Different strategies of transition to a market economy : how do they work in practice?
In 1989, the former communist countries embarked on a transition from centrally planned command economies to market economies (and from repressive dictatorships to Western-style democracies). In addressing the question,"What is the optimal strategy for this transformation?", the author revisits the controversy about how quickly and radically the new market rules and their components should be adopted in the former communist countries and discusses the economic and political problems associated with different strategies. Among his conclusions: 1) generally, the faster and more comprehensive the economic reform, the more chance there is to minimize its economic, social, and political costs, and to avoid chronic macroeconomic mismanagement. A more radical and disciplined path of transition is all the more important when initial conditions are less favorable and negative external shocks are greater. Only countries such as Hungary - which had made some progress in market-oriented reform before communism's collapse and which experienced less macroeconomic disequilibrium - could go more slowly; 2) political liberalization and democratization helps the economic transition succeed mainly because it helps weaken the political positions of the traditional communist oligraphy, which is interested mainly in rent-seeking; 3) unless stabilization and liberalization are achieved quickly, microeconomic restructuring cannot be expected to progress quickly, even if privatization does (as it has in Russia). Other aspects of the transition may take more time. For privatization to succeed, for example, a legal base and organizational infrastructure must be created. But even with privatization, a rapid transition is less risky for restructuring and for complex institutional reform than a slow transition; 4) there is no way to avoid a relatively large decline in output, especially of industrial production in the state sector; 5) granting concessions to, and bargaining with, various pressure groups does not produce the expected political results or increase social acceptance of reform; and 6) governments should not be afraid of"aiming too high"in embarking on a stabilization program or any other component of transformation. Most post-communist governments do the opposite: dilute the program so much it becomes ineffective.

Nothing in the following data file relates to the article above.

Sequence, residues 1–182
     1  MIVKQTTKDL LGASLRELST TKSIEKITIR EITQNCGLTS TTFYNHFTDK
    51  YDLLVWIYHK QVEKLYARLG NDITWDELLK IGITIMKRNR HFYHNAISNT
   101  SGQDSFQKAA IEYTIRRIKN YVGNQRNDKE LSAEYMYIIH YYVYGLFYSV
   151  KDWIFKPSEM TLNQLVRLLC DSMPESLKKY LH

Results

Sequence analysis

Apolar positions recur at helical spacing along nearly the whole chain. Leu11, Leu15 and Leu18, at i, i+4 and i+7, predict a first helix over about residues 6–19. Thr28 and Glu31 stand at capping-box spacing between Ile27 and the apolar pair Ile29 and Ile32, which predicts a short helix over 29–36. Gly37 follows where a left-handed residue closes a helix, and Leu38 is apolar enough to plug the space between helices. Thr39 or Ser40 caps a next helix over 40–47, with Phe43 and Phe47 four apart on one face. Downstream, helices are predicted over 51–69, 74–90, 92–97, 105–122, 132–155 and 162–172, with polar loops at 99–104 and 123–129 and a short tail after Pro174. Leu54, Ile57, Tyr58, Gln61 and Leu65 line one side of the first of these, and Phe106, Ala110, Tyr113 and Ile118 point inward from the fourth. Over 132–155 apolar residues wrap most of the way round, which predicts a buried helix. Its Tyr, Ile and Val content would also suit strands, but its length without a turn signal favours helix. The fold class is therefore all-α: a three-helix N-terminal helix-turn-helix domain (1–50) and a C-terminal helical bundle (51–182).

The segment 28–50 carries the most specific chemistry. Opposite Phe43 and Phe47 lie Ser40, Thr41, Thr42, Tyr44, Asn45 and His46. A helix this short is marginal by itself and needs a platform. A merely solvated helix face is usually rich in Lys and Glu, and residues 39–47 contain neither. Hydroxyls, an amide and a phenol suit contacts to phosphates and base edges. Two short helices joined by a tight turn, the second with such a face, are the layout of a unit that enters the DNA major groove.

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- Aslund Anders, 1994. "Lessons of the First Four Years of Systemic Change in Eastern Europe," Journal of Comparative Economics, Elsevier, vol. 19(1), pages 22-38, August.
- Aghion, P. & Blanchard, O.J., 1993.
"On the Speed of Transition in Central Europe,"
93-8, Massachusetts Institute of Technology (MIT), Department of Economics.
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